The source added that Olbermann failed to show up for work without authorization, missing almost half of his working days in the months of January and February. Olbermann asked for a vacation day on March 5, the night before Super Tuesday, according to the source. He was told it would be a breach if he took the vacation, which Olbermann did.
Olbermann’s relationship with Current started to fray back in January, when Olbermann declined to lead the network’s special election coverage of the Iowa caucuses. Olbermann insisted at the time that he wasn’t given a legitimate opportunity to host the coverage. Eventually, both parties came to an agreement, and Olbermann was set to anchor the network’s special election after the New Hampshire primary. Still, it didn’t make for great headlines less than a year after Olbermann landed at Current.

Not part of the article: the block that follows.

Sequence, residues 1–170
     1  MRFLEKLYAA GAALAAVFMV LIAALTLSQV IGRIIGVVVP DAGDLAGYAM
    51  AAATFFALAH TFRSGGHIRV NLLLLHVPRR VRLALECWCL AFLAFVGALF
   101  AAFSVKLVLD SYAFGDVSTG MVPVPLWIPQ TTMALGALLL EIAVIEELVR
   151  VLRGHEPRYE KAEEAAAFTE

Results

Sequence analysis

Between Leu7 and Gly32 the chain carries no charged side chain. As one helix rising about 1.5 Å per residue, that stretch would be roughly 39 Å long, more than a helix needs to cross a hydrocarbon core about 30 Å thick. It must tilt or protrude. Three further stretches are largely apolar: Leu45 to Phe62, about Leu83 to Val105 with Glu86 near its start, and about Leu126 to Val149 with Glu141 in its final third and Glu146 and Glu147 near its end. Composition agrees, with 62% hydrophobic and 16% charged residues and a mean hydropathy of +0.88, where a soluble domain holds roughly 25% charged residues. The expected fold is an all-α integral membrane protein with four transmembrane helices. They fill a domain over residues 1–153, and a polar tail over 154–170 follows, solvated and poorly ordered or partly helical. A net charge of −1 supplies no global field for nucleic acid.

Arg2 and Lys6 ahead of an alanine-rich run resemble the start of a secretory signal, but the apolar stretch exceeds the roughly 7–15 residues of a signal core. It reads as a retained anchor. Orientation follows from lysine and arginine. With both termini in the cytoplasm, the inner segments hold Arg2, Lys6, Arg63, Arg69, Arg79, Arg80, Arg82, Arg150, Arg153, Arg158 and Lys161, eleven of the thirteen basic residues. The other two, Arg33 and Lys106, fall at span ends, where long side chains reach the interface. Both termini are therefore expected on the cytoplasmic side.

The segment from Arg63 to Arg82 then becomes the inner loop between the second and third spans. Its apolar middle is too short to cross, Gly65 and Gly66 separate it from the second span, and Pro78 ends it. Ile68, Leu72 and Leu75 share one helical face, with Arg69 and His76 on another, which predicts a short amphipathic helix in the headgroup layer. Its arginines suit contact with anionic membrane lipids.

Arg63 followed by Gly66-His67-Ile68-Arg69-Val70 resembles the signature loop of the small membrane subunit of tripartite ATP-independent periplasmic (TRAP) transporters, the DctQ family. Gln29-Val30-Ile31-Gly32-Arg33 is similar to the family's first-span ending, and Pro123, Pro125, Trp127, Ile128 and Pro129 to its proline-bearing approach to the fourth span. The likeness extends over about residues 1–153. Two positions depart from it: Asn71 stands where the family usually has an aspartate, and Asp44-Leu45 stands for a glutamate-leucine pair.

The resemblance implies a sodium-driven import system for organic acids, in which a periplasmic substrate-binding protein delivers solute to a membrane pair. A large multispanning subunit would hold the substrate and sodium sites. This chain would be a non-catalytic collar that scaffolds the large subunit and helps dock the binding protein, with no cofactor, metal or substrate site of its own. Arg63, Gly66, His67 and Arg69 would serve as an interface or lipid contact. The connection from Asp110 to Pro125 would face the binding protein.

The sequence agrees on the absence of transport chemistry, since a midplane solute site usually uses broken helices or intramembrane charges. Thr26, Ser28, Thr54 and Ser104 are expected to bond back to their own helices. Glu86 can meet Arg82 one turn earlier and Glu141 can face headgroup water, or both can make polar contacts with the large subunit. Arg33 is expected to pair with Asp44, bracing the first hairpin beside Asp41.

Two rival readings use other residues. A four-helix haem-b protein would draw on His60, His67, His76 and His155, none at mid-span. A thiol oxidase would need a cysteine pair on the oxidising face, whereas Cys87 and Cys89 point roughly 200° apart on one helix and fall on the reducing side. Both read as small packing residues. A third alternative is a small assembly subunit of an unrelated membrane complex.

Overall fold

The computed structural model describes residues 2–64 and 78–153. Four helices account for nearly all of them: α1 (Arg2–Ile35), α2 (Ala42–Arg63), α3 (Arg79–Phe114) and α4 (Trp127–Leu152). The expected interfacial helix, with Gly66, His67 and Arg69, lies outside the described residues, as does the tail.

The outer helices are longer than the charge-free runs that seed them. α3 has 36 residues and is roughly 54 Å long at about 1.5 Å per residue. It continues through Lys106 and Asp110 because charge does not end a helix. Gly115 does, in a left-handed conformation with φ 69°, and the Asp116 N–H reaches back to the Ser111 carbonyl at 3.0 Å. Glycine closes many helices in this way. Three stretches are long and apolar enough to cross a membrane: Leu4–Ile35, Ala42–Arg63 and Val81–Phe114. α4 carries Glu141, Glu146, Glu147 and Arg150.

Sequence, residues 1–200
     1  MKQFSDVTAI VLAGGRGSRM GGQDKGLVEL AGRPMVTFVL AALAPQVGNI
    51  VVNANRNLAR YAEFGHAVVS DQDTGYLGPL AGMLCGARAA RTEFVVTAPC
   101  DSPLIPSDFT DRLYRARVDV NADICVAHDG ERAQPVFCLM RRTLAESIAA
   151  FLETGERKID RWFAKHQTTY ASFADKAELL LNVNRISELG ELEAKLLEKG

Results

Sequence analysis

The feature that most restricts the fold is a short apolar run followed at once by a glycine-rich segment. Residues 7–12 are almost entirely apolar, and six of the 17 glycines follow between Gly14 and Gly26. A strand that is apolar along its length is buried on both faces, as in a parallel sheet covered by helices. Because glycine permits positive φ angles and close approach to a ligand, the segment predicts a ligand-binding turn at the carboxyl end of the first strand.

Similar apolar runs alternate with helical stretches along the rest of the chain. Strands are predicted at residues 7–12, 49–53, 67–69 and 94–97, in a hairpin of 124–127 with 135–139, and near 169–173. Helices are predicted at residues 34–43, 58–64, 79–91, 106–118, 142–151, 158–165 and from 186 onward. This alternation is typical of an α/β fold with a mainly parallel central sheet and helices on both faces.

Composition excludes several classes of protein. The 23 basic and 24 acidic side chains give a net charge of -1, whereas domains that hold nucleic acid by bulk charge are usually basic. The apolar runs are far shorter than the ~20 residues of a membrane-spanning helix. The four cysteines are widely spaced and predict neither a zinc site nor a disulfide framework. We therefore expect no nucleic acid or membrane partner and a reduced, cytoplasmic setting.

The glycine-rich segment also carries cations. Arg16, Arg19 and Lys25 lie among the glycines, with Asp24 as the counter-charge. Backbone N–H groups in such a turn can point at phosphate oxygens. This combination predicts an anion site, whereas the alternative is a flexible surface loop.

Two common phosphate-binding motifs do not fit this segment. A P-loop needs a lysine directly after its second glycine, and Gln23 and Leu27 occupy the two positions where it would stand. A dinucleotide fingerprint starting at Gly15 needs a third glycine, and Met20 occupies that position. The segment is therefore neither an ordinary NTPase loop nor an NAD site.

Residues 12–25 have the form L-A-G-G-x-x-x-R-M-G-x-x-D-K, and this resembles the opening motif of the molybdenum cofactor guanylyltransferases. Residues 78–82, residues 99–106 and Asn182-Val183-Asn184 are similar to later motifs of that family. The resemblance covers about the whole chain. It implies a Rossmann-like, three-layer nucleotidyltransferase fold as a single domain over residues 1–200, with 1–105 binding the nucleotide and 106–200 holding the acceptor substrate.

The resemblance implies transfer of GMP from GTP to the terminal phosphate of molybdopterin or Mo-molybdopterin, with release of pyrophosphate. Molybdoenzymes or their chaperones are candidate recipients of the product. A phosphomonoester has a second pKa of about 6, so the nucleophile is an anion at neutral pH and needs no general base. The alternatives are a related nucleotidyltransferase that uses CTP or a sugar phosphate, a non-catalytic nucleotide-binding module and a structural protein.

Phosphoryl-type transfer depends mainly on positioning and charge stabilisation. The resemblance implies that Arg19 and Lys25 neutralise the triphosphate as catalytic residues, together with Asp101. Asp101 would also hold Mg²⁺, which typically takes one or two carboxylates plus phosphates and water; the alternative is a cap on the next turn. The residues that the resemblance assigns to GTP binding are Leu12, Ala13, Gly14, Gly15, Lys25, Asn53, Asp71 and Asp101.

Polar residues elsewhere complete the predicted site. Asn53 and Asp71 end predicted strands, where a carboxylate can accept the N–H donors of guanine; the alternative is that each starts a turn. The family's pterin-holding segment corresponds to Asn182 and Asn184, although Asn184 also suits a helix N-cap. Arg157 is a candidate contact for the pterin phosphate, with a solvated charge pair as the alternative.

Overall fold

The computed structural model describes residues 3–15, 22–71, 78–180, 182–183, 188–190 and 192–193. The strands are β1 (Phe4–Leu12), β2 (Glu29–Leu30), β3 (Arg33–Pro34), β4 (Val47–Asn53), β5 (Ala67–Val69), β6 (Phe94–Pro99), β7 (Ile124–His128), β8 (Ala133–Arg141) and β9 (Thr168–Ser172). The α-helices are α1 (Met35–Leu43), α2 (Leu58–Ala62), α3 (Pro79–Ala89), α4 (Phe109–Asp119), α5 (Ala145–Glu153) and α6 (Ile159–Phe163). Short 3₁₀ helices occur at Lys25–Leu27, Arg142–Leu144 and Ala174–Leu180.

“At the end of the day, Current made a decision, based on a strong legal foundation, that goes beyond merely business considerations – this decision was made because Olbermann was in breach of his contract and his conduct was simply not consistent with either mission of or the values of the company,” the source said.
Ace has broken out the dancing Ewok in a case of Schadenfreude Night Fever.
(Cross-posted at the Tatler.)
President Obama said at a campaign event in Burlington, Vt., today that this November would be a “clarifying election” for America.
“It’s enormous — a lot is at stake in this election,” Obama said. “And we’re going to have to fight for it.”
He told the luncheon of about 100 supporters, who paid at least $7,500 each, at the Sheraton hotel that this year’s vote is more important than 2008, throwing some kudos to Sen. John McCain (R-Ariz.) along the way.
“In 2008, I was running against a candidate who believed in climate change, believed in immigration reform, believed in the notion of reducing deficits in a balanced way. We had some profound disagreements but the Republican candidate for president understood that some of these challenges required compromise and bipartisanship,” Obama said.